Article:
While some people think it’s entertaining and fun, it can really dampen the contestants’ self-confidence by choosing which one is the prettiest or the best talented. Continual entrance in beauty pageants can affect children’s self confidence by teaching young girls to look like adults, making girls focus on their outward appearance, and pressuring the girls to fulfill their parents’ wishes. Better parental education about the detrimental impacts of beauty pageants would help to avoid these problems. This article will show that people who enter their children into pageants and who coordinate them are wrong to think it promotes self-confidence and helps girls come out of their shell due to the forced maturity, the focus on appearance and the parental pressure. Christine Sherman, a beauty pageant mother, says “I think pageants are terrific because kids get a positive attitude toward themselves\".
Because the girl in the poem does not fit the standard set forth, she is laughed at by her peers and devalued for her lack of classic beauty. She had many positive qualities "possessed strong arms and back" (8), "test intelligent"(7) and "abundant sexual drive and manual dexterity"(9). But, because of her larger nose and fat legs, the negative self-image pushed her to self-mutilation and suicide. The message is blunt, traditional beauty standards are harmful, and the women and girls who do not live up to them lack worth in society’s eyes. In the first stanza, the "girlchild"(1) is born.
All over the world, girls often go through a "princess phase", made up with anything pink and pretty. When it happened to Peggy Orenstein's daughter, the writer decided to examine the phenomenon. She found that the “girlie-girl” culture was less innocent than it might seem, and can have negative consequences for girls' psychological, social and physical development. From a very young age, girls learn to define themselves from the outside in, and a lot of researches suggest that our culture’s emphasis on physical beauty is the root of problems such as negative body image, depression, eating disorders and high-risk sexual behavior. I strongly agree with the Peggy Orenstein’s article.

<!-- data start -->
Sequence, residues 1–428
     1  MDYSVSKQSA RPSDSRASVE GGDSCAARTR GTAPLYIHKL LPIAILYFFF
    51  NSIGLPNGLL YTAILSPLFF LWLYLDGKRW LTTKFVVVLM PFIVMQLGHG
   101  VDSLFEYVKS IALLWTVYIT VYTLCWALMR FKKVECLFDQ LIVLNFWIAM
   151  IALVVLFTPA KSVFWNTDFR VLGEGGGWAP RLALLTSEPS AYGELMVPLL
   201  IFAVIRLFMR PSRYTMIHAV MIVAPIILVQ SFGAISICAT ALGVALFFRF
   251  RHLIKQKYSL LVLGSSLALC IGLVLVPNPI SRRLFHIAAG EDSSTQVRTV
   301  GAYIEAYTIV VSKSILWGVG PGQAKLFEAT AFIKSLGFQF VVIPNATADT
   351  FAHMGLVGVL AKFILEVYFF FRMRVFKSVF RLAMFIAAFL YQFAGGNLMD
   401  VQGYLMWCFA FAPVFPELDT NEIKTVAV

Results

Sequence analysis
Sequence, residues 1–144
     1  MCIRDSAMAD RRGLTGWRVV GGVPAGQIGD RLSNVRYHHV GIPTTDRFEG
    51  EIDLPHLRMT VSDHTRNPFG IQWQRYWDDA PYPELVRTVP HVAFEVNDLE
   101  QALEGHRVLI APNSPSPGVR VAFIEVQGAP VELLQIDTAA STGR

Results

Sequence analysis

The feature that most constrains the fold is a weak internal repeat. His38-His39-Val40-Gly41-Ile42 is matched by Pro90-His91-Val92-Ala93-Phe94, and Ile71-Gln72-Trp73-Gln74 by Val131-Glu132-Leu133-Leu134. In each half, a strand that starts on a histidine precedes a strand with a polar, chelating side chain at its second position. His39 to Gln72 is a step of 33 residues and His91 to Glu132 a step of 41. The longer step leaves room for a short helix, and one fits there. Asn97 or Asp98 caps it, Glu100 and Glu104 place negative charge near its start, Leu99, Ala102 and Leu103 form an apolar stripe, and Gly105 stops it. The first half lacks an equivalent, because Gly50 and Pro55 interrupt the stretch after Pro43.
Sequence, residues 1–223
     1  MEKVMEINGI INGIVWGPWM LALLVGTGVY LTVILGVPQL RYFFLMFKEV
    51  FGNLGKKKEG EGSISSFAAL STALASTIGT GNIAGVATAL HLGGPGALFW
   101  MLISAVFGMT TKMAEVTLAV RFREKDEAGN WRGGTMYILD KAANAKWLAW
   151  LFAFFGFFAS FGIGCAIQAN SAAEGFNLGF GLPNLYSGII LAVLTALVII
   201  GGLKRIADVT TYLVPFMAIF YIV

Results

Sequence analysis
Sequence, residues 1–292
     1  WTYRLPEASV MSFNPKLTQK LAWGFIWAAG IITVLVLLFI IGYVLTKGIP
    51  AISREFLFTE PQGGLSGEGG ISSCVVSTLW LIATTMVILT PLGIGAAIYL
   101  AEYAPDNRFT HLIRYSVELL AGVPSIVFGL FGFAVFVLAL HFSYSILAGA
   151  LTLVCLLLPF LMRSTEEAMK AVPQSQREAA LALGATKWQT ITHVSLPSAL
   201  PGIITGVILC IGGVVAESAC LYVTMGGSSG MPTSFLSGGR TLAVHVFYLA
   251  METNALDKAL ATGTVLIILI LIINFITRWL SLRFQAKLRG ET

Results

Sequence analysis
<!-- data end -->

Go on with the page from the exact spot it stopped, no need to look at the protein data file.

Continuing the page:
Peggy says that the girlie girl culture we are living in is increasing issues like eating disorders, body weight issues and unsafe sexual behaviour. The author says “According to the American Psychological Association, the girlie-girl culture’s emphasis on beauty and play-sexiness can increase girls’ vulnerability to the pitfalls that most concern parents: depression, eating disorders, distorted body image, risky sexual behavior." (Orenstein, 6). Society expects females to beautiful and always strive to stay thin, therefore Peggy is going against those stereotypical views and saying that those unreasonable expectations are resulting in self-conscious girls with eating disorders, unsafe sexual practice and depression. Further on in the book, Peggy discusses how the emphasis on girl’s beauty from the culture that we live in is greatly inspired by Disney princesses promoting the idea that girls should be “the fairest of them all”.